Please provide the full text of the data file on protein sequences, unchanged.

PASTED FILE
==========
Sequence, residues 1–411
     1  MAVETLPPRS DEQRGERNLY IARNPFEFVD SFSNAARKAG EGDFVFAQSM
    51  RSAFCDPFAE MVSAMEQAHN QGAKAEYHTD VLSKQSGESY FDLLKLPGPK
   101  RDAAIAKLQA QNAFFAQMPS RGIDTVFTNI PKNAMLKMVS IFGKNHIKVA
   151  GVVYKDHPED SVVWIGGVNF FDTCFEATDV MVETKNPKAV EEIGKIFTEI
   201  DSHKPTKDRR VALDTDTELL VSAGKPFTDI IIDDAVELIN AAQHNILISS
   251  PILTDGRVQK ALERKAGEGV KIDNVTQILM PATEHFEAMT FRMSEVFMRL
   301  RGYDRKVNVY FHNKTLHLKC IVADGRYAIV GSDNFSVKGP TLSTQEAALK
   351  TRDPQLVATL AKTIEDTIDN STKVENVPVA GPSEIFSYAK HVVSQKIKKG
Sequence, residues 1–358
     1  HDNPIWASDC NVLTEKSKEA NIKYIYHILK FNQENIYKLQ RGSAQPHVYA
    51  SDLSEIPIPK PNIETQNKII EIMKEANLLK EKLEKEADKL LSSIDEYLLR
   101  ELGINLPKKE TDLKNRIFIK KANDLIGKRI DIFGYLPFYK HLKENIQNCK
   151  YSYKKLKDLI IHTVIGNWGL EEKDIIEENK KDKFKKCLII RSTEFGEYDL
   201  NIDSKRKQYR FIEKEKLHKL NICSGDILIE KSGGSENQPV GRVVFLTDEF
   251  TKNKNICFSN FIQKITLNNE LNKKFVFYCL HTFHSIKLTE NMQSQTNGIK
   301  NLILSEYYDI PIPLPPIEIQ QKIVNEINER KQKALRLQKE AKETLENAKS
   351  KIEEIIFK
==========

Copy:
Sequence, residues 1–411
     1  MAVETLPPRS DEQRGERNLY IARNPFEFVD SFSNAARKAG EGDFVFAQSM
    51  RSAFCDPFAE MVSAMEQAHN QGAKAEYHTD VLSKQSGESY FDLLKLPGPK
   101  RDAAIAKLQA QNAFFAQMPS RGIDTVFTNI PKNAMLKMVS IFGKNHIKVA
   151  GVVYKDHPED SVVWIGGVNF FDTCFEATDV MVETKNPKAV EEIGKIFTEI
   201  DSHKPTKDRR VALDTDTELL VSAGKPFTDI IIDDAVELIN AAQHNILISS
   251  PILTDGRVQK ALERKAGEGV KIDNVTQILM PATEHFEAMT FRMSEVFMRL
   301  RGYDRKVNVY FHNKTLHLKC IVADGRYAIV GSDNFSVKGP TLSTQEAALK
   351  TRDPQLVATL AKTIEDTIDN STKVENVPVA GPSEIFSYAK HVVSQKIKKG
Sequence, residues 1–358
     1  HDNPIWASDC NVLTEKSKEA NIKYIYHILK FNQENIYKLQ RGSAQPHVYA
    51  SDLSEIPIPK PNIETQNKII EIMKEANLLK EKLEKEADKL LSSIDEYLLR
   101  ELGINLPKKE TDLKNRIFIK KANDLIGKRI DIFGYLPFYK HLKENIQNCK
   151  YSYKKLKDLI IHTVIGNWGL EEKDIIEENK KDKFKKCLII RSTEFGEYDL
   201  NIDSKRKQYR FIEKEKLHKL NICSGDILIE KSGGSENQPV GRVVFLTDEF
   251  TKNKNICFSN FIQKITLNNE LNKKFVFYCL HTFHSIKLTE NMQSQTNGIK
   301  NLILSEYYDI PIPLPPIEIQ QKIVNEINER KQKALRLQKE AKETLENAKS
   351  KIEEIIFK